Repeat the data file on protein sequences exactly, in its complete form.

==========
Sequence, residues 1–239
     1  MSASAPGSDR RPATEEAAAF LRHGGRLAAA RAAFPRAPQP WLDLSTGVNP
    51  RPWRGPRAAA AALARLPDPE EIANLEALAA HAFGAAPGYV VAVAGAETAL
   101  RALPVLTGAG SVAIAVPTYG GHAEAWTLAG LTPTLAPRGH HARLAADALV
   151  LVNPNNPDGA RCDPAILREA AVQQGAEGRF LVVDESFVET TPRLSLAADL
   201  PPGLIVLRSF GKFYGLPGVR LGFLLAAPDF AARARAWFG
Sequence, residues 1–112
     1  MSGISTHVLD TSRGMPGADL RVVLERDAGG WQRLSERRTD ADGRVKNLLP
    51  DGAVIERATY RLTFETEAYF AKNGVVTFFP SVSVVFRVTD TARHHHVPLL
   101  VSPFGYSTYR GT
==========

Sequence, residues 1–239
     1  MSASAPGSDR RPATEEAAAF LRHGGRLAAA RAAFPRAPQP WLDLSTGVNP
    51  RPWRGPRAAA AALARLPDPE EIANLEALAA HAFGAAPGYV VAVAGAETAL
   101  RALPVLTGAG SVAIAVPTYG GHAEAWTLAG LTPTLAPRGH HARLAADALV
   151  LVNPNNPDGA RCDPAILREA AVQQGAEGRF LVVDESFVET TPRLSLAADL
   201  PPGLIVLRSF GKFYGLPGVR LGFLLAAPDF AARARAWFG
Sequence, residues 1–112
     1  MSGISTHVLD TSRGMPGADL RVVLERDAGG WQRLSERRTD ADGRVKNLLP
    51  DGAVIERATY RLTFETEAYF AKNGVVTFFP SVSVVFRVTD TARHHHVPLL
   101  VSPFGYSTYR GT